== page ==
9 Aug 2006
You don't usually see it or taste it, but fiber works wonders for your body. Dietary fiber, or roughage, is a known cancer fighter found only in the cell walls of plant foods. For years, studies have pointed to the fact that increased fiber intake decreases the risk of colorectal cancer.
According to a study published in the New England Journal of Medicine (1999), this protective effect may be due to fiber's tendency to add bulk to your digestive system, shortening the amount of time that wastes travel through the colon. As this waste often contains carcinogens, it is best if it is removed as quickly as possible; so, increased fiber decreases chances for intestinal cells to be affected.
The Journal of Clinical Nutrition (1999) reported that Fiber may also help protect against breast cancer, an effect noted especially with consumption of whole grains and wheat bran. Additionally, studies suggest that high amounts of fiber may also prevent breast cancer by binding to estrogen. When bacteria in the lower intestine break down fiber, a substance called butyrate is produced which may inhibit the growth of tumors of the colon and rectum as reported in the Journal of Oncology Research in 2000. Fiber may also have a protective effect against mouth, throat, and esophageal cancers according to a study published in the International Journal of Cancer in 2001.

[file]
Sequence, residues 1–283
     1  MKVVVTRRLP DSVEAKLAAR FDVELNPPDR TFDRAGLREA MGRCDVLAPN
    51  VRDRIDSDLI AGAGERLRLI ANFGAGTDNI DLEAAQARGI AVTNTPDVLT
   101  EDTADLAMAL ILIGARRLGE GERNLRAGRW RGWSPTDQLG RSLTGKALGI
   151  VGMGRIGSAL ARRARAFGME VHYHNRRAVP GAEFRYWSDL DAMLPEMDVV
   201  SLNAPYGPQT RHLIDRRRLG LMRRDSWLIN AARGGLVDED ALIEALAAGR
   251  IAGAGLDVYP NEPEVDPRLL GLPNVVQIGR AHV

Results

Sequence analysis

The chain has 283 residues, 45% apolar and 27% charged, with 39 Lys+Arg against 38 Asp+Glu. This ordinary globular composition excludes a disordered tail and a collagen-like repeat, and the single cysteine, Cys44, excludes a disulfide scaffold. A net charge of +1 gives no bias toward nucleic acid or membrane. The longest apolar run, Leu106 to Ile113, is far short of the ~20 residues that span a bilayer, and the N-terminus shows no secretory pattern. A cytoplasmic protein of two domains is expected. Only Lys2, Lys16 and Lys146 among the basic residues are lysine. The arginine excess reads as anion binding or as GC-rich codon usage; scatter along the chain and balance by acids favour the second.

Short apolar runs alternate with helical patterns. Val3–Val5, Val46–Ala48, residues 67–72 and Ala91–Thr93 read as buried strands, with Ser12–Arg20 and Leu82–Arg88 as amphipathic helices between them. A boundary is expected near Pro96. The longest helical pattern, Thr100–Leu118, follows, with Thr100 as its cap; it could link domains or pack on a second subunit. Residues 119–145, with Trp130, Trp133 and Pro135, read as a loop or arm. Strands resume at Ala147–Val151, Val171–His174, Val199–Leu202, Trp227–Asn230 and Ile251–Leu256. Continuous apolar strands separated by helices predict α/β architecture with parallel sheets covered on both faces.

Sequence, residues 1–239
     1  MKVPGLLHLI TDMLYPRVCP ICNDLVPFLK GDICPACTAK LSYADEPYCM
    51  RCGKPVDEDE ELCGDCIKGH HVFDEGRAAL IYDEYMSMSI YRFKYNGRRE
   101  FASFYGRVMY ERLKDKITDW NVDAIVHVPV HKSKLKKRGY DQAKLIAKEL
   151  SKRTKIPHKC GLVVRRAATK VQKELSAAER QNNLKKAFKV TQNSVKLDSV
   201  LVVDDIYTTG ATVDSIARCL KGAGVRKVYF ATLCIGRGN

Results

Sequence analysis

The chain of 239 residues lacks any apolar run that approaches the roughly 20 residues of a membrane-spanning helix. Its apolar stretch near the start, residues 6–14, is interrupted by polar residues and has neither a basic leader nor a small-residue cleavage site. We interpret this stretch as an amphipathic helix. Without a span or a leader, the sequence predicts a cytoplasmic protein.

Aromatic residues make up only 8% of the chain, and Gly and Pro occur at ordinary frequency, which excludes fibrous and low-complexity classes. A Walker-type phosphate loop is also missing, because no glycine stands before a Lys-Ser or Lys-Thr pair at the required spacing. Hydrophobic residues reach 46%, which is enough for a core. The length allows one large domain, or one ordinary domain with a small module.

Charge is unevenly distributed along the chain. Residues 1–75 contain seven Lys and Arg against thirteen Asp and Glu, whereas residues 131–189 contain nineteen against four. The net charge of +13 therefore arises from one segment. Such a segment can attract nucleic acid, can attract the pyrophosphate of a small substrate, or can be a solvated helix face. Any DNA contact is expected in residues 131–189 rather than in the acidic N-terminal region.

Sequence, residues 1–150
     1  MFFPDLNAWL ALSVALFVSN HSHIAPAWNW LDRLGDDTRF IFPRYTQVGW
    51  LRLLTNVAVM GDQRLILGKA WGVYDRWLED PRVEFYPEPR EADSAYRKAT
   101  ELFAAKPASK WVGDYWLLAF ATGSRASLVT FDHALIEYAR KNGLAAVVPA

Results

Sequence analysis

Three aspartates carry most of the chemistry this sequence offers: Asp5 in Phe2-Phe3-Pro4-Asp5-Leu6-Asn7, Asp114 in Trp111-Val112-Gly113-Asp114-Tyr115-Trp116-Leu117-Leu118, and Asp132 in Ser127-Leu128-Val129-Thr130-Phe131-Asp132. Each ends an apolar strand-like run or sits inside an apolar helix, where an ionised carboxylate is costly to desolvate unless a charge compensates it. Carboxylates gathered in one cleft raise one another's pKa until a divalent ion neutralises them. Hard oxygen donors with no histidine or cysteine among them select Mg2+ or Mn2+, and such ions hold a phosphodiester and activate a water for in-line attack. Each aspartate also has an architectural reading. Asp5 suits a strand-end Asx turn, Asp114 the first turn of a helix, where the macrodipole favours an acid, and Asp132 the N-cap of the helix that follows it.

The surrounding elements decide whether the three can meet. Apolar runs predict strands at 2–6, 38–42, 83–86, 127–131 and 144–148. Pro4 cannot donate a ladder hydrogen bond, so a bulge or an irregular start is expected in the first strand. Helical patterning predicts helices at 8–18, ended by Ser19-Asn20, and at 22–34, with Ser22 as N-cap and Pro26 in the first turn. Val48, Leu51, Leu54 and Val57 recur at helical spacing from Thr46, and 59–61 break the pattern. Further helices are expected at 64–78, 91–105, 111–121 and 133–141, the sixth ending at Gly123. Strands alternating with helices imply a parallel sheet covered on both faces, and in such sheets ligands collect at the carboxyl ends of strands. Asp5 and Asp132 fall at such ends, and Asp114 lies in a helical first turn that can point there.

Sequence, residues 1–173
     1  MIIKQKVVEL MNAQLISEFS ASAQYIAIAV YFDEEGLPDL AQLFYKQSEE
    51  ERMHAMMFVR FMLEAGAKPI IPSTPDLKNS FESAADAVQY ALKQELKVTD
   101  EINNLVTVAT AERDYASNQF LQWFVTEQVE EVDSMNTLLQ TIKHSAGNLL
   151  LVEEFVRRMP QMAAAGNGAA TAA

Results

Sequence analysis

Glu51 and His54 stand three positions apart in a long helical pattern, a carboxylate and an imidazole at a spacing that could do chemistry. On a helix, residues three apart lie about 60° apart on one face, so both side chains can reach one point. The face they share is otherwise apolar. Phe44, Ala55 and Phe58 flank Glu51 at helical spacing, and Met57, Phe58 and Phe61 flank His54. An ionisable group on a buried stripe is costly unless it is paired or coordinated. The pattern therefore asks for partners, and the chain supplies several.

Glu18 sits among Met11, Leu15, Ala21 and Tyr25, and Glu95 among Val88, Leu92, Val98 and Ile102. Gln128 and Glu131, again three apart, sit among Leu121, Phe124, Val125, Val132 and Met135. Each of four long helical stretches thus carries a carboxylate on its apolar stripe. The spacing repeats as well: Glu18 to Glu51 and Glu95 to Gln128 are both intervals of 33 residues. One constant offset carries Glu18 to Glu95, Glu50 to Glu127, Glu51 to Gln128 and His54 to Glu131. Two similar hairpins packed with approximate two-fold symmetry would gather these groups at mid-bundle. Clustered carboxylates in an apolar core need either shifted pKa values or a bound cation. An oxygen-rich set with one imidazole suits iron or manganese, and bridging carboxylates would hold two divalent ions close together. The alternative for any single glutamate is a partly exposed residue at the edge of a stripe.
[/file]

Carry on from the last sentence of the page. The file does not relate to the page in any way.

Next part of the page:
If you're like most North Americans, you take in only 10 to 15 grams of fiber per day. However, most studies have shown that optimal intake for cancer prevention is at least 30 to 35 grams per day. Recent studies suggest that small increases in fiber, such as adding vegetables to a chicken stir-fry or having a hamburger on a whole wheat bun, do not offer much protection. On the other hand, when we replace high-fat, animal products such as chicken, fish, cheese, and eggs with plant foods, we easily boost fiber to levels where real protection is possible.
Whole foods contain two types of dietary fiber which are known as soluble and insoluble. Soluble fiber dissolves in water and is found in a variety of fruits, vegetables, legumes, and grains. It cuts cholesterol and adds to your feeling of fullness. Good sources of soluble fiber are oats, oat bran, oatmeal, apples, citrus fruits, strawberries, dried beans, barley, rye flour, potatoes, raw cabbage, and pasta.
As you may have guessed, insoluble fiber does not dissolve in water and is found in whole grain brans, fruit pulp, and vegetable peels and skins. It is the type of fiber most strongly linked to cancer protection and improved waste removal. Good sources of insoluble fiber are wheat bran, whole wheat products, cereals made from bran or shredded wheat, crunchy vegetables, barley, grains, whole wheat pasta, and rye flour.
It is best to choose fiber-rich foods over fiber supplements in order to get the full range of the cancer-fighting phytochemicals that fruits, vegetables, legumes, and grains contain.